What is the Sociology of Knowledge?

Dear Readers,

First, apologies for the long delay! Summer is in full bloom, and I’m deeply ensconced in writing a new version of a paper for ASA (as well as for a “publishable paper” requirement in my department). If you’re going to ASA, and want to see me give my first big talk*, check out the science studies section panel: “Knowledge about the economy: creating it and using it,” 8:30 AM on Tuesday, August 17. If you read the blog and say hello, I will probably stammer and say thank you and possibly offer to buy you a drink. Feel free to do the same!

Second, I was wondering if anyone knew what the sociology of knowledge is? I mean specifically some sort of “traditional” sociology of knowledge that does not include science studies. Science Studies seems to be a really coherent field, with a few big camps (SSK, ANT, ethnomethodological approaches, feminist work, etc.), a core set of journals, authors, etc. Sociology of Knowledge seems like a nearly empty signifier – anything can count as Soc of Knowledge, and nothing comes close to uniting the various strands. Is Foucault in? What about Merton? Mannheim seems like a key name, but I still don’t know what he’s being cited for, or how his work is supposed to be the backbone of anything. Can anyone in the audience recommend more recent work that you think defines or exemplifies the sociology of knowledge?

Thanks!

* 30 years from now, when I’m a big shot endowed chair, you can say, “I knew him when..!” You can also say this if 30 years from now I’m an adjunct at a community college. But it won’t sound as flattering.

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4 Comments

  1. Coming form a background of german theoretical sociology this is a strange question: sociology of knowledge is big and accepted here whereas you always have to explain why science studies is real and good sociology. The traditional perspective sees its ancestors in Marx (The german ideology), Scheler, Mannheim, then to Berger/Luckmann (in reference to Schuetz) and from there to Soeffner and Luhmann. “Love as Passion. The Codification of Intimacy” is a Luhmann work on the sociology of knowledge also published in english.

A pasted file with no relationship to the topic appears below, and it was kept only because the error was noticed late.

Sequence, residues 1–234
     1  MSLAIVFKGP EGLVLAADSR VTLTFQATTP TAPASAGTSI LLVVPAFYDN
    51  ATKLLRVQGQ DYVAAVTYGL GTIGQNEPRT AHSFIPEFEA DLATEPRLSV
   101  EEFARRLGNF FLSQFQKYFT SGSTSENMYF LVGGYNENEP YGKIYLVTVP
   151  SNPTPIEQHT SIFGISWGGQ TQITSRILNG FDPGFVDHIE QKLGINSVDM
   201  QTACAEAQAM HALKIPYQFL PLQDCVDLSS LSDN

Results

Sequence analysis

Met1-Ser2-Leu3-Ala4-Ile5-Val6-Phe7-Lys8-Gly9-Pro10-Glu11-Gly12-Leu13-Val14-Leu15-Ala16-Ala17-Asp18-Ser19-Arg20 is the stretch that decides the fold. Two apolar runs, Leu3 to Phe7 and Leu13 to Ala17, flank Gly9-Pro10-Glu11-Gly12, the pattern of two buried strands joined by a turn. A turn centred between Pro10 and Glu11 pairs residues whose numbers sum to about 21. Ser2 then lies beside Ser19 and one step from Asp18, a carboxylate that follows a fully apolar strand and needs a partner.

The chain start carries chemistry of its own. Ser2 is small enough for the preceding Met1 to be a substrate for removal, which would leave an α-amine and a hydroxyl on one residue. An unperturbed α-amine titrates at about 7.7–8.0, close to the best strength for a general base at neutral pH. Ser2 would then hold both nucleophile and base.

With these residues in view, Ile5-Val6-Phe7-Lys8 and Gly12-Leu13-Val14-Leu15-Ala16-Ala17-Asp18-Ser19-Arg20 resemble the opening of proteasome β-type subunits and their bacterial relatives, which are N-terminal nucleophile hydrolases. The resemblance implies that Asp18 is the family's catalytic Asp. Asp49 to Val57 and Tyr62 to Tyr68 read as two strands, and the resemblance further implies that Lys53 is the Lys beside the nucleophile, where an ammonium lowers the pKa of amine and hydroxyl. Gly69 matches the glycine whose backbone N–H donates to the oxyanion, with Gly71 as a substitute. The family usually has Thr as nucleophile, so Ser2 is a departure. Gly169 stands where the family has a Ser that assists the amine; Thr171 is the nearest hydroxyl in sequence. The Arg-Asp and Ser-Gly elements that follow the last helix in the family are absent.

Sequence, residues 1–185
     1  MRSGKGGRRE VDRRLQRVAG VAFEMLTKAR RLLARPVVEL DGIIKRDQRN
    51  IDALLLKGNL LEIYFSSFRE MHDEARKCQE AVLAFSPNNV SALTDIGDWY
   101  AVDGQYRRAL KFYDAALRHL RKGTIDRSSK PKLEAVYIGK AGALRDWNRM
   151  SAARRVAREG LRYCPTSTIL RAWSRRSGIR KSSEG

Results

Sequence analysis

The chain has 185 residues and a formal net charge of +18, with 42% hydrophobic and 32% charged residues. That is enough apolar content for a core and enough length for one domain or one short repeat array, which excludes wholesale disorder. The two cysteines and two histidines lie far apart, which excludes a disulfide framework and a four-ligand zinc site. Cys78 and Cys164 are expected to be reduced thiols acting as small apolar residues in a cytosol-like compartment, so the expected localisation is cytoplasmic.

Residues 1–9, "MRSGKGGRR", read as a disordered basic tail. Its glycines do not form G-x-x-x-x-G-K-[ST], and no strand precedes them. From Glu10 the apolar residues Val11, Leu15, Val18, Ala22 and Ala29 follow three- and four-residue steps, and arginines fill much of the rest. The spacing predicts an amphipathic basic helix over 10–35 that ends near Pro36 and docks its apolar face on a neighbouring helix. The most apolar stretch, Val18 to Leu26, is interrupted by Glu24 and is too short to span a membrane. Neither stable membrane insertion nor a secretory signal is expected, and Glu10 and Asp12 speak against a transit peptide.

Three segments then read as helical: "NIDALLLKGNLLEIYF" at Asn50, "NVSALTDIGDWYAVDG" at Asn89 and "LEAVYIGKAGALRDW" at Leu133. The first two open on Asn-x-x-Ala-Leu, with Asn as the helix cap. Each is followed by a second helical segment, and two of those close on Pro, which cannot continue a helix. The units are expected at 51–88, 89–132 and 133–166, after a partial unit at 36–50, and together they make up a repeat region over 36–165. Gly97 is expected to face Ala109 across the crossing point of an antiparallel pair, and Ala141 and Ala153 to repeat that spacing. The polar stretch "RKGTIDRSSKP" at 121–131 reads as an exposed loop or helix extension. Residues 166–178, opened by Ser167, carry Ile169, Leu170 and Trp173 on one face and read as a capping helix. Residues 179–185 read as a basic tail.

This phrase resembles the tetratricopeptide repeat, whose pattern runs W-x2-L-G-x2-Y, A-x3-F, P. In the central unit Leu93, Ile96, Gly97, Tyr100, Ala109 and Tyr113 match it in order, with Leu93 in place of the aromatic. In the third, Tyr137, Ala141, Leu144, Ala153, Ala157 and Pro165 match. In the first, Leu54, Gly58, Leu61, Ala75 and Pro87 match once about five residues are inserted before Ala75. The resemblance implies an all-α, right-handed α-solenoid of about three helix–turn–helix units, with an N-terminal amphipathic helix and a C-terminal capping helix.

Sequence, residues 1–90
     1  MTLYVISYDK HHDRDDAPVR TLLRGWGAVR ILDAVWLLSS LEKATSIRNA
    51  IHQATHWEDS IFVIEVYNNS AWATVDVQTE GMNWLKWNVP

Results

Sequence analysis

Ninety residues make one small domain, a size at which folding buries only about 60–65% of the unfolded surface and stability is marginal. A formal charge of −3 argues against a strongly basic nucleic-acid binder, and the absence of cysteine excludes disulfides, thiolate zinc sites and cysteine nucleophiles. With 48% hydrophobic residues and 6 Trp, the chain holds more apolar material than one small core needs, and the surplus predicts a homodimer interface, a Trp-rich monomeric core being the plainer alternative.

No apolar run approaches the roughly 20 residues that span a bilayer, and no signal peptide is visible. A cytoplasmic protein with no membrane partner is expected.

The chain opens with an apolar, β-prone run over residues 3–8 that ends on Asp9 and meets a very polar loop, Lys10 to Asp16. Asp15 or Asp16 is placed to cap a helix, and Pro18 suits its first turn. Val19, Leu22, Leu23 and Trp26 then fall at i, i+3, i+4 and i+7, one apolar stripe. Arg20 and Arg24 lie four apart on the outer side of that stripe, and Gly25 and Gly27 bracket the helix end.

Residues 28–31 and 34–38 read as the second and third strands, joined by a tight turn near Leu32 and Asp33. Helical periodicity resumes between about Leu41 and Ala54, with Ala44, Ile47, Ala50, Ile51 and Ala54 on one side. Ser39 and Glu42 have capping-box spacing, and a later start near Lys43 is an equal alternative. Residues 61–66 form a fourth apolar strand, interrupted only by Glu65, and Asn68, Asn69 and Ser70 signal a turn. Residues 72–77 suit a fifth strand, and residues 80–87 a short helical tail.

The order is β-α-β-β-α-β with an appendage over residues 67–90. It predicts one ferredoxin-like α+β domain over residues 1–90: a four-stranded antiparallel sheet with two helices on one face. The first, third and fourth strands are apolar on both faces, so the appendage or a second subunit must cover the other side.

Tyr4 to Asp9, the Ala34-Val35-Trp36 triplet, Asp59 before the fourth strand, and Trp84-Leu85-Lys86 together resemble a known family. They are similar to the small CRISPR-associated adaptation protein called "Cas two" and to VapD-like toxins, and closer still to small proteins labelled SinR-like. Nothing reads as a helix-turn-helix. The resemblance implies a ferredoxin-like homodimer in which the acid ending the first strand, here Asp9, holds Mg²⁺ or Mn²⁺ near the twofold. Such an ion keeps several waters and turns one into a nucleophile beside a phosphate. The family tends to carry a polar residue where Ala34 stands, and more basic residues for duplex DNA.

2. joshmccabe

     /  July 18, 2010

    8:30am on Tuesday? Does this mean we’re not going to be going shot-for-shot at the blogger party the night before?

    • Ugh. Shots? Can’t we just drink frozen margaritas or something? Seriously though, are you going to be there? It’d be a pleasure to meet!

  3. Keith

     /  July 27, 2010

    I am unsure if the blog is open to all-is not, please regard my post as persona non grata

    The sociology of knowledge

    I have been studying the sociology of art and am doing UG study that compares the collective activity of the art world to the collective activity of the world of science research. What this sociological study revealed was that the participants in the social activity of the comparative fields collectively produce a different in the kind of cultural product, However the activities are actually quite similar.
    This type of study seems to follow a tradition sociology that allows a comparison of two sociological activities. The same method can be used to ask the affect of the art critic on types of art activity. But when questions are asked such as when did we begin to have an intermediary explain art to us, and for us? How have we come to accept and believe this ? These question seem to be answered in the subfield of sociology of knowledge. What is fascinating to me is questions like the formation of the “American’ self or pluralities of ‘selves’ that can be examined to study what knowledge is necessary for self- construction and what knowledge is necessary when culture is deconstructed and then reconstructed. It seems to be a discipline that addresses the social forces that affect our epistemology .